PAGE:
New York Times
'Quills': Torturing Everybody, and Loving It - by Elvis Mitchell
Review by Glenn Kenny
Review by Fred Thom
Hollywood Bitch Slap
a bunch of revs from a bunch of critics
The Philadelphia Inquirer
'Quills' takes the sadism out of Sade - by Carlin Romano
a bunch of revs from a bunch of critics
Review by Stephanie Zacharek
The Boston Globe
'Quills' puts de Sade on the front burner and, oh, what a Rush it is - by Jay Carr
Quills: insondable Sade - by Odile Tremblay
Views and opinions by Christian moviegoers
Review2 by J. Hoberman
Official 'Quills' Site
Quills - The Credits
Director: Philip Kaufman.
Screenplay: Doug Wright.
Cast: Geoffrey Rush, Kate Winslet, Joaquin Phoenix, Michael Caine, Billie Whitelaw.
Photography: Rogier Stoffers.
Music: Stephen Warbeck.
Check out for other Sade-related movies at Amazon.co.uk!
Setting the tone under the Terror, with Madame Guillotine at full speed under the windows of the Picpus clinic, Quills seems to pick up where Sade left off, were it not that the two movies premiered in the theaters basically at the same time, albeit in two different continents. Making some amends for the fact that the American movie pre-existed the French movie in theatrical form on Broadway, which had been gathering enough success to convince director Philip Kaufman to transfer it to the wide screen, questions whether Sade had merely tried to pose a French answer to a growing phenomenon would be pointless. We would have to go back to 1980 when veteran filmmaker Alain Resnais ventilated the idea for a movie on the life of the Divine Marquis (it is our loss that his project did not materialize).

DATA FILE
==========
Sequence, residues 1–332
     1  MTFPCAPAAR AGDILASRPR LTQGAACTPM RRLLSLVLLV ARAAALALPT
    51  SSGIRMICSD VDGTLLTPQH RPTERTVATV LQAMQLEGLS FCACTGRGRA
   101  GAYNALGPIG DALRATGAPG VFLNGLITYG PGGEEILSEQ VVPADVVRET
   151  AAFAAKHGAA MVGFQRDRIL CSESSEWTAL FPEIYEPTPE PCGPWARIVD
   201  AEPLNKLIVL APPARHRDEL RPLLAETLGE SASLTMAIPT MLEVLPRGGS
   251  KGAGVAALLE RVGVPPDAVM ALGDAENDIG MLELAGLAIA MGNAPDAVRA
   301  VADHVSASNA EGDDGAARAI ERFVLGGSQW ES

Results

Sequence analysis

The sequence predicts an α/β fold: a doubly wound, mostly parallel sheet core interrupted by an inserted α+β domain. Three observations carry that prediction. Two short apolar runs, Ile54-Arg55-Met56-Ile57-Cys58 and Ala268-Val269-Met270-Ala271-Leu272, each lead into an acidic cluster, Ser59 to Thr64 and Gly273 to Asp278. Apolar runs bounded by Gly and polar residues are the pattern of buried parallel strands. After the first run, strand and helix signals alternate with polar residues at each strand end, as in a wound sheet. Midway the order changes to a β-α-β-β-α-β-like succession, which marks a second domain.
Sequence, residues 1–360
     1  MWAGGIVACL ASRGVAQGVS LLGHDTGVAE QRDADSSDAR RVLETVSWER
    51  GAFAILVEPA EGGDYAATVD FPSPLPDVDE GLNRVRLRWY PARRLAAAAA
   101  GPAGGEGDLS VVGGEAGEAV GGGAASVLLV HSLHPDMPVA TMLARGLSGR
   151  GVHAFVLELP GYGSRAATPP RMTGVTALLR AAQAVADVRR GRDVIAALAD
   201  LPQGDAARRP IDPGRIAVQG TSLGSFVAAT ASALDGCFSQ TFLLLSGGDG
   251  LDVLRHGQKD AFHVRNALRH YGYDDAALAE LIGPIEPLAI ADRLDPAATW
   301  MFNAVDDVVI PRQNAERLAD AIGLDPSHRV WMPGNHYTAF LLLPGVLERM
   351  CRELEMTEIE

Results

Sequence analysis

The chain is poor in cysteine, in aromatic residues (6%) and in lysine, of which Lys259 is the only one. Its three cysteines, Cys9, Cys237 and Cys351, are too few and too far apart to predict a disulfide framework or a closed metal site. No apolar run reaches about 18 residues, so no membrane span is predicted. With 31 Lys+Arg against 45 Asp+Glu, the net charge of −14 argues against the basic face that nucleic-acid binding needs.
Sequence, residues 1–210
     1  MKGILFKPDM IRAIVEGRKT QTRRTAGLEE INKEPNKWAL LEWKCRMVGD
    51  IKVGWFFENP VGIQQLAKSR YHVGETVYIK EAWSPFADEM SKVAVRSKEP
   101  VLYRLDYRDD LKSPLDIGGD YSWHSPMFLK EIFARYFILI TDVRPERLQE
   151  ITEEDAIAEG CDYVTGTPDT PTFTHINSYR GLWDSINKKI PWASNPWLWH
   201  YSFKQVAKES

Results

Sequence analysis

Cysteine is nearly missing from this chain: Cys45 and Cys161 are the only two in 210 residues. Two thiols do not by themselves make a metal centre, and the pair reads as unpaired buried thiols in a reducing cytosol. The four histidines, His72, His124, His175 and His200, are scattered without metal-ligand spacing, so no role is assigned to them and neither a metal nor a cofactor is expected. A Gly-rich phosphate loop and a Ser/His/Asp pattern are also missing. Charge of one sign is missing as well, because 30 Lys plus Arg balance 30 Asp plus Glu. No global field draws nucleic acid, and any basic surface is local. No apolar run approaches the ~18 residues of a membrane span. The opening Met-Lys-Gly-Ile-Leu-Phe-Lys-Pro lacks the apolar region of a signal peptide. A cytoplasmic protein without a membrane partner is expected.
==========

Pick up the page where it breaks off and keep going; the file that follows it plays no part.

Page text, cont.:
Like its French counterpart, Quills tries to dabble into something greater than the life of Sade, making an issue of his constant fight for freedom of expression; and, in fact, the authors do much to hammer in the concept on a dead nail. Proust said that books with "a message" were like gifts with the price tag still tacked on, meaning they defeat their own purpose (or as Kit Reed stated: "If you want to send a message, call Western Union."), but this applies to movies as well. Something can be said for Sade's own fight against censorship and repression, but to make this the central point of his existence (or his meaning to us today) would seem to be a bit reductive, at best. However, whereas Jacquot's film tried to "show and tell" Sadean philosophy and works in a sort of imaginative anthology, distorting facts as much as credibility would have allowed, Quills fails to tell us anything more about the Marquis or his kind of work beyond the "freedom of expression" issue, stretching historical truth to such an extent that we cannot even enjoy the allegory as such.